There’s a plant that grows along the lower stretches of the Milford Track. It’s like a stunted bamboo, all stick and a few sparse, pointed leaves. It grows like that until it gains a height above the reach of the extinct Moa where it suddenly flourishes. It still does this evolutionary tour de force even though the threat it so cleverly avoided no longer exists.
There’s a parallel in that to our Milford Track experience. Jennifer and I walked the track as independent walkers 24 years ago. In an area known as one of the rainiest in the World we had one of the rainiest days as we crossed the high-point of McKinnon Pass. We spent a thoroughly miserable and quite dangerous day wading through chest-high rivers and walking on slippery tracks under waterfalls that had popped up from nowhere. We actually booked to do the Milford Track this time as independent walkers, contemplated our last experience, looked at the kids, and changed our booking to the guided walk.
The guided walk still has you carrying your own clothes and equipment. The big difference is that there’s no need to carry food beyond lunch and snacks, there are warm beds and hot showers waiting at the end of the day and you get the occasional coffee stop along the way. These are all good things.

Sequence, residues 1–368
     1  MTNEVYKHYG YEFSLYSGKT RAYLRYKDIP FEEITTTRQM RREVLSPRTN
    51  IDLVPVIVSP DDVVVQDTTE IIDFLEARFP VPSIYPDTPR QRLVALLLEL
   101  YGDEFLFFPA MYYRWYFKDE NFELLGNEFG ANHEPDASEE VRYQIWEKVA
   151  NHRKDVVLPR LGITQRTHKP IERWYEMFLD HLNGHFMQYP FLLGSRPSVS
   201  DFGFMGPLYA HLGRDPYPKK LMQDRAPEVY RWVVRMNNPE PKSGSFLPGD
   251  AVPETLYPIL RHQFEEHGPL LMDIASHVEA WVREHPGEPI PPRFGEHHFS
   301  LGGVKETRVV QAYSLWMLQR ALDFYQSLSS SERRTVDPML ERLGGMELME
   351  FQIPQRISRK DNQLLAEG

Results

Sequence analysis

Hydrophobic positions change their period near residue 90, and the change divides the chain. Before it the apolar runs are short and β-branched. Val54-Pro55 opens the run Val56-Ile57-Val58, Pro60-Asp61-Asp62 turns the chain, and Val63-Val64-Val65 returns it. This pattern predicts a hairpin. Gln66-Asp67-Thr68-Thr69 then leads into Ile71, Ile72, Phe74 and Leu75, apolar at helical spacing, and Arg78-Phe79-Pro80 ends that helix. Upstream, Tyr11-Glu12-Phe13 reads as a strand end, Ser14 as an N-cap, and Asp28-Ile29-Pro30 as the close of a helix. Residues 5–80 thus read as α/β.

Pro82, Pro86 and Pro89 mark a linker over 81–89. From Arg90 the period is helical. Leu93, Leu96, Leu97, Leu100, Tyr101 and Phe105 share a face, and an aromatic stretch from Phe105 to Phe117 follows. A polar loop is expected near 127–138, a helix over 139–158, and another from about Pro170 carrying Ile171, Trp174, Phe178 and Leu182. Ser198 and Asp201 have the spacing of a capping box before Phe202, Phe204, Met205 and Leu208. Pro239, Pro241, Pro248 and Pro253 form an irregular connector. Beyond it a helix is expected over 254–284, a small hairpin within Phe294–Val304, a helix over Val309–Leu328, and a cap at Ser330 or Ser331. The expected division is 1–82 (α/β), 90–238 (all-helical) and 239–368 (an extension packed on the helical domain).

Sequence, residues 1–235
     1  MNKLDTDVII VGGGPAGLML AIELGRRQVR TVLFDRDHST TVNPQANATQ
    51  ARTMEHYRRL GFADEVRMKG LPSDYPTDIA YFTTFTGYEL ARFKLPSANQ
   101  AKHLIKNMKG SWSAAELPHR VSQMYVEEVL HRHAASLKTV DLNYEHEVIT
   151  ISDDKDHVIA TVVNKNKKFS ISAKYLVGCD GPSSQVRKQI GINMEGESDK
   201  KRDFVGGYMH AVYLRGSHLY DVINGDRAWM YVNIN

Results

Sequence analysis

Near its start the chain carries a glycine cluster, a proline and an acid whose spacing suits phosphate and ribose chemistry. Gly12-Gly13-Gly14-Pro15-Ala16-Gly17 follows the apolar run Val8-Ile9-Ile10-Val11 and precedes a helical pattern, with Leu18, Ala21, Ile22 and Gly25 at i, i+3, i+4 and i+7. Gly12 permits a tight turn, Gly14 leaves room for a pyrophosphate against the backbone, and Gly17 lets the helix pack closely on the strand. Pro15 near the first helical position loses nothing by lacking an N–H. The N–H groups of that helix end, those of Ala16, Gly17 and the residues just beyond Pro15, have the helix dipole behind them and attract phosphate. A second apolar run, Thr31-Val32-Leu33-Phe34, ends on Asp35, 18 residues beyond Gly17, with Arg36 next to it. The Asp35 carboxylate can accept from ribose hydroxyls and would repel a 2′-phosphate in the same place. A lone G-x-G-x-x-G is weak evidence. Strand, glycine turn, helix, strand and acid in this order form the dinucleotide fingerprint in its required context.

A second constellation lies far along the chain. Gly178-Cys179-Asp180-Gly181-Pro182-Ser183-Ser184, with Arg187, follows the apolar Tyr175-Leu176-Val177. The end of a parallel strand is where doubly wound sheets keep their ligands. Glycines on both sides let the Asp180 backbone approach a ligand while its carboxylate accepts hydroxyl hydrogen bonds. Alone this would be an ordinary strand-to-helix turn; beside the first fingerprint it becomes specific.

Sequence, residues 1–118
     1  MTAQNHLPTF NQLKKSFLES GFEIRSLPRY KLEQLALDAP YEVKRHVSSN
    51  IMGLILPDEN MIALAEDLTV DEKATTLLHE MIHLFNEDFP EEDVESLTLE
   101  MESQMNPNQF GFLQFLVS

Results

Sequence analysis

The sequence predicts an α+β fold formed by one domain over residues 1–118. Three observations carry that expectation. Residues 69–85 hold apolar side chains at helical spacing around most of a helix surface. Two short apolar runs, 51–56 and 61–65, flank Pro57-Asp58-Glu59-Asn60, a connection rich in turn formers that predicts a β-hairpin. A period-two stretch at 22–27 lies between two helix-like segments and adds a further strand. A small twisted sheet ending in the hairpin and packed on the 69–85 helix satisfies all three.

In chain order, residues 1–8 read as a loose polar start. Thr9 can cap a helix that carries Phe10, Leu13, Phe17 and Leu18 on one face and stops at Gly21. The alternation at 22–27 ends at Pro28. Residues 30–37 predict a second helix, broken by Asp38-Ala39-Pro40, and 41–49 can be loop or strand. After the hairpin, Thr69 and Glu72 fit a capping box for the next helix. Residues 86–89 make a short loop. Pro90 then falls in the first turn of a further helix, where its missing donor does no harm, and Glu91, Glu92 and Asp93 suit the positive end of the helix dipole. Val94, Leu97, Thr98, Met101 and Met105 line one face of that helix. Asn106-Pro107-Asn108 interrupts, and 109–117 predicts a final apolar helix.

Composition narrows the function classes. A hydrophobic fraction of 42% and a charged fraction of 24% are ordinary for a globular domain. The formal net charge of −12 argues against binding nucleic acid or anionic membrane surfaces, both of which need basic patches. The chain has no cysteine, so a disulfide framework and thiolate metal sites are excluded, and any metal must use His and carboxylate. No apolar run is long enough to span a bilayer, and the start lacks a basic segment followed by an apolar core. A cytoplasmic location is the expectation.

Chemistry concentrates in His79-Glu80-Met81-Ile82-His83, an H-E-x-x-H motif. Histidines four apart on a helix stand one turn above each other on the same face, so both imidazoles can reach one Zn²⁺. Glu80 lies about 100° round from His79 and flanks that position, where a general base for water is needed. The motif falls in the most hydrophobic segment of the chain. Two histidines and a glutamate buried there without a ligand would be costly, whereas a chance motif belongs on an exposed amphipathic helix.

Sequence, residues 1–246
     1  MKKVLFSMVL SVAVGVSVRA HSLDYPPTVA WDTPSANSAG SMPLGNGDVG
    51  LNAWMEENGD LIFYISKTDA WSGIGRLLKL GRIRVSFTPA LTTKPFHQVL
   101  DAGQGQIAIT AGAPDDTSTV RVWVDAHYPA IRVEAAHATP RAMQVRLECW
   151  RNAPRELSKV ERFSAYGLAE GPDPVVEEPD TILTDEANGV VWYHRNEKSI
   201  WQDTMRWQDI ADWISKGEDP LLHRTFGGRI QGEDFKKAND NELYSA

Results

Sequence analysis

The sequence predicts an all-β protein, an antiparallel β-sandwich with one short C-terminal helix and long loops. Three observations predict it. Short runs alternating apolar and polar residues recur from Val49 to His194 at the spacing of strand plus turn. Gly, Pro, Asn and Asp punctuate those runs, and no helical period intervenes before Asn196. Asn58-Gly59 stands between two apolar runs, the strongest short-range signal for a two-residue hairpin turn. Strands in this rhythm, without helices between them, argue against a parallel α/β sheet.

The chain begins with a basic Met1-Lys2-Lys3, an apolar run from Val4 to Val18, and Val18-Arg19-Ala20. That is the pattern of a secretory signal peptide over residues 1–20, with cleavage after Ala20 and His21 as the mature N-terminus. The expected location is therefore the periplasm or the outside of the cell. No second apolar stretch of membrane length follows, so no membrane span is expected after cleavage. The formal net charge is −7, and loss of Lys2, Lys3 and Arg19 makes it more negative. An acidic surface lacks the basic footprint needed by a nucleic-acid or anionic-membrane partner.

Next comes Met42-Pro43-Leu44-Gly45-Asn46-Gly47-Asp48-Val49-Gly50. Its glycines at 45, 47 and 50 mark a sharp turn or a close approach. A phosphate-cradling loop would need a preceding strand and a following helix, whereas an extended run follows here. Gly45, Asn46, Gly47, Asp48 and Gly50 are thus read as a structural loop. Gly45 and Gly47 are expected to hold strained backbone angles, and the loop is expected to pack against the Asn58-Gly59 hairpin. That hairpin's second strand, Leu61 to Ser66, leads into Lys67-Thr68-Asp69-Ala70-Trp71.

The first day on the Track was ridiculously easy. A relaxing two-hour coach trip from Queenstown to Te Anau was followed by a launch trip North passing the point where McKinnon, listed as the Track’s first explorer, perished and places were anonymous Maoris sheltered on their annual supply runs to the area.Then there was the first day’s walk. Wait for it… 1.2km. That’s about the distance to the local shops.
The walk may be short but it is pretty. It’s like arriving in an alternate universe called Green Fluffy World. Moss covers everything. The trees are covered in thick layers of it, it hangs in fronds from the branches. Everything is soft and rounded and green. There’s not a sharp angle to be seen it’s all buried under an emerald coat.
The lodge where we stay the night is luxury in the wilderness. Even though everything has to be brought in by boat or helicopter, there’s no lack of amenity. And of course water is no issue, they have more than enough of the freshest, clearest water imaginable. We were in a comfy bunk room designed for six people but assigned to only the four of us. A bathroom shared with the other bunkrooms was clean and even had a flush toilet. The shower was strong and hot. Pre-diner drinks were followed by a three-course meal of pumpkin soup, venison stew and apple strudel. Then fresh coffee and fudge.
All this was the cherry on top of the cake. We had chosen to go the guided route in response to the threat of rain and bad conditions. And like the plant that was still responding to the threat that no longer exists, we were stuck with our luxurious approach even though there wasn’t the slightest sign of rain. We laughed all the way to our cozy beds.